University of Missouri - Kansas City, Community of focus: Kansas City
Two cohorts of small businesses participating in the ScaleUp Kansas City, led by University of Missouri – Kansas City’s Innovation Center, will commence their program with the FastTrac® Listening to Your BusinessTM and FastTrac® Growth Venture™ entrepreneurship curriculum. Supplementing the curriculum, businesses will develop their growth plans through one-on-one consulting and training, experienced business mentors, workshops on energy and environmental assistance, government contracting and international trade, and will all complete a financial assessment in order to discover ways of funding their particular growth strategies.
Women’s Business Development Center, Community of focus: Aurora, Ill.
Through the ScaleUp Aurora program, the national Women’s Business Development Center (WBDC), headquartered in Chicago, Ill., will fill a gap in Aurora as the city lacks an economic development center focused on accelerating the growth of small businesses and providing access to capital. The program will use the Plan for Profit 12-week program followed with individual counseling, mentors, networking events, connection to resources – both connections and streams of capital.
Your Management Team, Inc., Community of focus: Central Ohio
Your Management Team, Inc. will fill the gap in the entrepreneurial ecosystem of Central Ohio by targeting established small but growing main street businesses. Each business participating in the program will develop a strategic plan shaped by their experiences in the program completing the Kauffman Foundation’sGrowthVenture™, leadership and management workshops, marketing and sales workshops and quarterly financial reviews by certified public accountants.
Supply Chain Visions LLC, Community of focus: Roanoke, Va.
With nearly 3000 growth-oriented small businesses with annual revenues in the $150,000 to $500,000 range, Roanoke, Va. will be an ideal community for the inaugural class of ScaleUp America. Supply Chain Visions LLC will provide the training curriculum of the Institute for Entrepreneurial Leadership/Workshop in Business Opportunity’s (WIBO) sixteen module, intensive program, a peer-to-peer learning, workshops focused on access to capital, and business networking needed to further develop a cohesive business to business environment, particularly for underserved populations.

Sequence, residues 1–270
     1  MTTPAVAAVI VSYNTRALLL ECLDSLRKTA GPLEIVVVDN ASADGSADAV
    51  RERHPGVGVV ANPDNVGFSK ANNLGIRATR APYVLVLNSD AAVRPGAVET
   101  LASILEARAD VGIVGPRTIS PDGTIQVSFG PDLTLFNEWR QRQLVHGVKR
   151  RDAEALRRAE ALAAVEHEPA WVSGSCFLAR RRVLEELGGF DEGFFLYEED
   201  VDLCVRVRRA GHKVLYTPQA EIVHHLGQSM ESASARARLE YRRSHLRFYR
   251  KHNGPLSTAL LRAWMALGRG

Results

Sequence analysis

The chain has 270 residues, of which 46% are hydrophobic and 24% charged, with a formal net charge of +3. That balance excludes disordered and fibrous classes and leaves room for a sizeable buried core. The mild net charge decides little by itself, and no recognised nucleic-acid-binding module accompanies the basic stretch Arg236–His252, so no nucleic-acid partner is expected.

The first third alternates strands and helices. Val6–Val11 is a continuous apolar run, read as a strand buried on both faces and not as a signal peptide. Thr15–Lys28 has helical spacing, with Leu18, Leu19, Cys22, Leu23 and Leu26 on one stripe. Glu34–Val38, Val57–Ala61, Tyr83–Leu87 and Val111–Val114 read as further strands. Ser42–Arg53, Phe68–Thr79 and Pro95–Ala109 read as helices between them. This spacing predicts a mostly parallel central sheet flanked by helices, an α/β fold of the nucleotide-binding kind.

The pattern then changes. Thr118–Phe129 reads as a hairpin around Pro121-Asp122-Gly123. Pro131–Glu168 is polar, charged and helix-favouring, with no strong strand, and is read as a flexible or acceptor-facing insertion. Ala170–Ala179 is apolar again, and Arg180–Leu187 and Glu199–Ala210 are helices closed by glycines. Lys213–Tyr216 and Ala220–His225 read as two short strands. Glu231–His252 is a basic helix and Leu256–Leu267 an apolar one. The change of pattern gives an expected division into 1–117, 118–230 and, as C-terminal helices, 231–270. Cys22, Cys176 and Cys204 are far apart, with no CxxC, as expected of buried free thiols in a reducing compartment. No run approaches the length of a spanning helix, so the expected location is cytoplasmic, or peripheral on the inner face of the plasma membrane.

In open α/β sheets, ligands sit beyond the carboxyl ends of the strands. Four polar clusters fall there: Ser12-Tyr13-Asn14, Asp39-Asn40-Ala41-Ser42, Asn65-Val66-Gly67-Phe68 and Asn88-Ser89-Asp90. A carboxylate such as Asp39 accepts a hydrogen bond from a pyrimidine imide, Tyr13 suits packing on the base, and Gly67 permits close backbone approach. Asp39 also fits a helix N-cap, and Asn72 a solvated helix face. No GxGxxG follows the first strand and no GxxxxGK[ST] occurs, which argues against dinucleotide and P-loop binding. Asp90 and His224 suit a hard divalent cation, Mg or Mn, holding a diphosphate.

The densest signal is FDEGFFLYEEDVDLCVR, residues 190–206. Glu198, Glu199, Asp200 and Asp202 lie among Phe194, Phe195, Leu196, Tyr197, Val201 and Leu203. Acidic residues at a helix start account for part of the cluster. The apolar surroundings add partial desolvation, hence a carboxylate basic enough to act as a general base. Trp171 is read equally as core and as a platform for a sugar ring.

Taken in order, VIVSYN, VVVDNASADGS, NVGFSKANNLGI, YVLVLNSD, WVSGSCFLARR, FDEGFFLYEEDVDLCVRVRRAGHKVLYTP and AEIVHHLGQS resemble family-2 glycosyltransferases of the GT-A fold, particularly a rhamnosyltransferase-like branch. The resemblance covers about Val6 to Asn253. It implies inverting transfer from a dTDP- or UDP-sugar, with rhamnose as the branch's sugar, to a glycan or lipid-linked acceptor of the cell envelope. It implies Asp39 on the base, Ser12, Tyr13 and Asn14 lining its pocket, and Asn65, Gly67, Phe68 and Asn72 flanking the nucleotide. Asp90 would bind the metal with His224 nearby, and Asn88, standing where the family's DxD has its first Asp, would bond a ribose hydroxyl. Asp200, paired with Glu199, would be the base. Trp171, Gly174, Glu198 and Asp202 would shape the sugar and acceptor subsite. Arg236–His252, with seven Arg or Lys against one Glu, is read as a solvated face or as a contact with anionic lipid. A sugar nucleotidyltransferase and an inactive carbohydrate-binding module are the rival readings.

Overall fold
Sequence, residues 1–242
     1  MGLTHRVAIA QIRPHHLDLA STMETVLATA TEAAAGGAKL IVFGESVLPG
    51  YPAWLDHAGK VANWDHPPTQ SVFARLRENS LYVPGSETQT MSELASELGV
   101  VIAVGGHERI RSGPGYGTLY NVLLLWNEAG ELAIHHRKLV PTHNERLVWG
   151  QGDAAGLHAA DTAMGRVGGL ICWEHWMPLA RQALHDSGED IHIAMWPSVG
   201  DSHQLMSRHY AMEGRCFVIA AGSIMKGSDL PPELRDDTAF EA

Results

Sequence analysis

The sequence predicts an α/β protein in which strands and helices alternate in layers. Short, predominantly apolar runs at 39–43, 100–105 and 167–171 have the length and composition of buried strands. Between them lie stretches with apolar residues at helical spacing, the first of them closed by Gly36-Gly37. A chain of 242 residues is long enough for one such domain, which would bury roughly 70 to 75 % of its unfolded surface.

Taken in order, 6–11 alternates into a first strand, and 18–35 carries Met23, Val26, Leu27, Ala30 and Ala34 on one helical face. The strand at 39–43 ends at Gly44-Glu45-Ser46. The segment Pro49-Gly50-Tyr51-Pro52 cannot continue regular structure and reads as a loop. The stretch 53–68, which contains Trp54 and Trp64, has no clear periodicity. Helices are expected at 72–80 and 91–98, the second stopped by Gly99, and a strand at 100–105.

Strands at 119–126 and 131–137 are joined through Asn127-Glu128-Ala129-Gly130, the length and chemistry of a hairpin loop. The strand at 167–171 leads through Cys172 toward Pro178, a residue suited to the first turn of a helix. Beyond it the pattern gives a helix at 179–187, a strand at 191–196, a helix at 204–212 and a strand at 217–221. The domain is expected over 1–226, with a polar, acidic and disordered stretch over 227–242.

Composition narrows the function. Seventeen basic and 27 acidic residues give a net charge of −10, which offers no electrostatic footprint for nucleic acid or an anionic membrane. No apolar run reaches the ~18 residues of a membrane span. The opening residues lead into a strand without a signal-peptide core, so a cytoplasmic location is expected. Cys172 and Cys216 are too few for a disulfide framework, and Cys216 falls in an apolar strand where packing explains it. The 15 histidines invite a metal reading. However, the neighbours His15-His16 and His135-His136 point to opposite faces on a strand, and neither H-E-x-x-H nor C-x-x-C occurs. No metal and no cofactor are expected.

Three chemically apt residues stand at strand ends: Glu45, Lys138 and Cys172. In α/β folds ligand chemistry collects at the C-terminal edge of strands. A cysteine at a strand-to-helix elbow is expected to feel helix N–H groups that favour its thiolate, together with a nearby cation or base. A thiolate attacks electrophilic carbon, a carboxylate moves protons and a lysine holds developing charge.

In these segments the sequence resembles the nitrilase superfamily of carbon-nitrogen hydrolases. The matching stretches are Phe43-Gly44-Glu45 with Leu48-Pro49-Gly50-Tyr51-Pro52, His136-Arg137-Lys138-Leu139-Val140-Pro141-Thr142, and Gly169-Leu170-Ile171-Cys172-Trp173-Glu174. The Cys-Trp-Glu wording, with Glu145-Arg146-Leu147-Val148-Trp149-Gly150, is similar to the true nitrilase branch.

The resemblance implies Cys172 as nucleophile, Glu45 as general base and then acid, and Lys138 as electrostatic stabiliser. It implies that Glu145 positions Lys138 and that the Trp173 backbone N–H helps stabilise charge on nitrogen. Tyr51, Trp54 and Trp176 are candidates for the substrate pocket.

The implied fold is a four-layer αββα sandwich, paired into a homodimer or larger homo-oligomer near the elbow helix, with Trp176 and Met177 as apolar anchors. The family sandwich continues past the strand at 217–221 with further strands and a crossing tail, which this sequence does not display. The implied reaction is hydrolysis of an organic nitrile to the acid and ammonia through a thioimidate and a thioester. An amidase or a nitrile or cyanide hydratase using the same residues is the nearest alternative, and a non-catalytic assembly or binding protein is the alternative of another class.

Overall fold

Supply Chain Visions LLC, Community of focus: Greater Portland, Maine
Members in the entrepreneurial ecosystem of Portland, Maine articulate a strong community and assistance for the start-up community, but identify gaps in the support network for later stage, growth-oriented companies. Supply Chain Visions LLC and their committee of the University of
Southern Maine, Gorham Savings Bank, Maine Center for Entrepreneurial Development, Blackstone Accelerates Growth (BxG), The Regional Chamber of Commerce and SBA resources partners will help fill those gaps with their ScaleUp program.
Advantage West Economic Development Group, Community of focus: Western North Carolina
ScaleUp Western North Carolina will provide intensive business scale up assistance and leadership development to two cohorts of Western North Carolina small businesses with strong potential for growth and job creation each year. The program, led by the Advantage West Economic Development Group, will also fulfill gaps in the entrepreneurial ecosystem identified in their regional Comprehensive Economic Development Strategy (CEDS) plans, and will extend a proven training curriculum to rural, underserved and underrepresented small business communities. In addition to offering a robust program to the small businesses, Advantage West will improve the ecosystem by hosting a series of regional outreach meetings to engage community partners from across the 23-county Western North Carolina region.
PIKEVILLE, KY.– USDA Rural Development Acting Under Secretary Doug O'Brien today announced the selection of 85 utilities and development organizations for loans and grants to support rural business activities that will boost economic growth in rural communities.
"These USDA investments capitalize rural small businesses, which allows the owners to expand operations, enter into new markets and increase hiring," O'Brien said. "The investments we are announcing today include financing to development organizations for microlending to very small rural businesses. Funds are also being provided to utilities to pass on to local businesses for development projects. These innovative programs increase economic opportunities in rural areas – a top priority of Secretary Vilsack and President Obama."